New loophole for guns and ammo didn’t keep S.D. governor from expanding emergency act

Capitol News Bureau

(AP Photo/James Nord)

PIERRE, S.D. (KELO) — An amendment specifically added for the National Rifle Association on the last day of the 2020 legislative session further protects gun rights and places further limits on the authority a governor of South Dakota has in a time of disaster, war, act of terrorism or emergency.

Governor Kristi Noem said Friday she signed HB 1296 into law because it would still be beneficial. Her original version was one of the bills she had lawmakers introduce for her March 30.

The NRA amendment established a new section of law, known as 34-48A-5.1, that creates a detailed list of weapon-related loopholes in the governor’s power to suspend laws, rules or ordinances in time of disaster, terrorist attack or emergency.

The amendment now specifically exempts firearms, ammunition, reloading equipment, and other personal weapons.

Also newly exempted are pistol permits, places that lawfully sell or service firearms, and shooting ranges.

The amendment also lets a party seek damages, injunctive relief, or other relief in circuit court.

The law previously said only that nothing “may be construed to authorize the taking of firearms… without the consent of the owner.”

The NRA amendment and some unrelated language were added to the bill on a 55-11 vote in the House, with a mixture of Republicans and Democrats opposing the changes. The final version of the bill won approval from the House 62-4 and from the Senate 26-9.

The NRA issued a news release March 31 praising Noem for signing the bill. The legislation carried language that had it take effect upon her approval. Most legislation that has been passed takes effect July 1. The legislation also carries language saying it is repealed July 1, 2021.

The NRA release quoted Brian Gosch, a former South Dakota House Republican leader from Rapid City, who now works as a lobbyist for the gun-rights group. Gosch was in room 414 of the Capitol, where the House leaders were meeting, at the start of the final day of session.

“With law enforcement and state resources stretched incredibly thin, it’s more important than ever for authorities to recognize every law-abiding American’s right to self-defense and to keep and bear arms,” Gosch said in the release. “The people of South Dakota are safer today with Gov. Noem’s signature on HB 1296.”

Most legislators stayed away from the Capitol that final day and instead participated via technology, because of the fear of infection from the coronavirus COVID-19. One lawmaker later died of illness related to COVID-19.

Representative Spencer Gosch, a Glenham Republican who is a cousin of Brian Gosch, added the amendment during consideration in the House of Representatives. Brian Gosch didn’t testify. Spencer Gosch specifically described it to House members as an NRA amendment.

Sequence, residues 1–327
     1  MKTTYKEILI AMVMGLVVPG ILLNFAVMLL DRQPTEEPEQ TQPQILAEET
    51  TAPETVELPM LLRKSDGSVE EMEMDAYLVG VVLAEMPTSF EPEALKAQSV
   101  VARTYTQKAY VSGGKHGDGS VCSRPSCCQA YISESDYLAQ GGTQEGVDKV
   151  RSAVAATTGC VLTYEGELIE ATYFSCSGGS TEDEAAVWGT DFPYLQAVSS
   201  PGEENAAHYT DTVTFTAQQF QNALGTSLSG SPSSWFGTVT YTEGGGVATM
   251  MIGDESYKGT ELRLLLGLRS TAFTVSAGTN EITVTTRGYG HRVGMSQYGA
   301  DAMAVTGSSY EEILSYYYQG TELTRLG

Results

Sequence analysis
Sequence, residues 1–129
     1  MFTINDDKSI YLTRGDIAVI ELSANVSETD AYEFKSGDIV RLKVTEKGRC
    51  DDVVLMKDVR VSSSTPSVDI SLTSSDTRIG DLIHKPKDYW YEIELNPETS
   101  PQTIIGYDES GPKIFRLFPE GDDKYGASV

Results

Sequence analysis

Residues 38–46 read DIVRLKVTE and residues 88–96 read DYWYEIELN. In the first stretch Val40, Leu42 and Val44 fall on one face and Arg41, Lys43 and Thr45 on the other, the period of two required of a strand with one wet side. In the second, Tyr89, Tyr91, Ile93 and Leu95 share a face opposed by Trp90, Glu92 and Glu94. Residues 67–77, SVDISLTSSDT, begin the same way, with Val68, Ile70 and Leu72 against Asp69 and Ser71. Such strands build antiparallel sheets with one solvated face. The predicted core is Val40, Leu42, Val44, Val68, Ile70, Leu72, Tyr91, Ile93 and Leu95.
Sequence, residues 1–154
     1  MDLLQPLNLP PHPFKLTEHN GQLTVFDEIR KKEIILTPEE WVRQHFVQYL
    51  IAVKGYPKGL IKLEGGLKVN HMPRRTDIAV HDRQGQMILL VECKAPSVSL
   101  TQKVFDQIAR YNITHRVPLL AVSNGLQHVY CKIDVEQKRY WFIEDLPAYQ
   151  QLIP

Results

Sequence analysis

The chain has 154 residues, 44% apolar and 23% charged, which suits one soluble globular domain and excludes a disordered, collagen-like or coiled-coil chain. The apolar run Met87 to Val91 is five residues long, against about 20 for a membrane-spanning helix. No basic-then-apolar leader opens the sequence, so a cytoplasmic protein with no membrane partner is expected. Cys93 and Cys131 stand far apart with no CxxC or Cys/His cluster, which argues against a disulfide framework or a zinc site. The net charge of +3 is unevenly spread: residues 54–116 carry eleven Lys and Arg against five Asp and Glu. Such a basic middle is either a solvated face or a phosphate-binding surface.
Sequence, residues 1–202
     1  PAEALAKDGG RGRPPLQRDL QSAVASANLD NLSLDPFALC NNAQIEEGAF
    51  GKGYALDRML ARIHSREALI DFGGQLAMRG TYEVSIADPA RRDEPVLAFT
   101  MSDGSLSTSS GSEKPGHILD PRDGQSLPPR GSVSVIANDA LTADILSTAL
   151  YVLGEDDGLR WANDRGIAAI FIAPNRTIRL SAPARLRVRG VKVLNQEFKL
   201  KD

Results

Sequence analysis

Spencer Gosch didn’t respond in recent weeks to several emails sent to his legislative address and a Facebook message about the amendment.

The governor’s policy director, Maggie Seidel, responding to the original email that was sent to Spencer Gosch, said he discussed the amendment with the governor’s chief legal counsel, Tom Hart, and was told by Hart the governor was “ambivalent” about it.

Brian Gosch was one of a handful of people identified last week to a Senate investigating committee as attending a house party near the Capitol on the night of March 30 and the early morning of March 31.

Two top senators, Republican leader Kris Langer of Dell Rapids and president pro tem Brock Greenfield of Clark, admitted drinking at the house early March 31.

The Senate panel was told Brian Gosch also was there, along with several other lobbyists and Lieutenant Governor Larry Rhoden.

Langer and Greenfield later returned to the Capitol and conducted further official business, including participating in House-Senate negotiations and final passage of a bill.

The Senate panel voted 9-0 a week ago to admonish Langer and Greenfield.

Langer and Greenfield each admitted to the panel April 24 they had been drinking. Greenfield previously told the rest of the Senate on March 31 they hadn’t imbibed.

None of the participants who reportedly were at the house — Brian Gosch, Langer, Greenfield, Rhoden or the other lobbyists — was questioned by the investigating panel.

Noem, a former legislator and U.S. House member, chose Rhoden, a long-time legislator, to be her running mate in 2018 on the Republican ticket. One of his constitutional duties is to serve as Senate president.

The lieutenant governor ruled that Senator Phil Jensen, a Rapid City Republican, was out of order, when Jensen called for an immediate investigation into Langer’s behavior, as the Senate was wrapping up its work March 31.

Noem answered several questions Friday about the NRA amendment and the situation.

“Well, if it was something that had originated with me, I would stand here and defend it, but it was an amendment that came during the legislative process, and I did choose to sign the bill with it on it,” she said.

She added, “The legislators weighed in and had debate about that issue when that bill was passed, and when it was put on my desk I made the decision to sign it, recognizing what the impacts were of it, but still the fact that we felt it would be a beneficial piece of legislation to have in statute, to allow us some flexibility during those times.”

Asked whether she had talked to Rhoden about his presence at the house, Noem said, “The lieutenant governor and I talk all the time, but that issue, I’m not going to weigh in on.”

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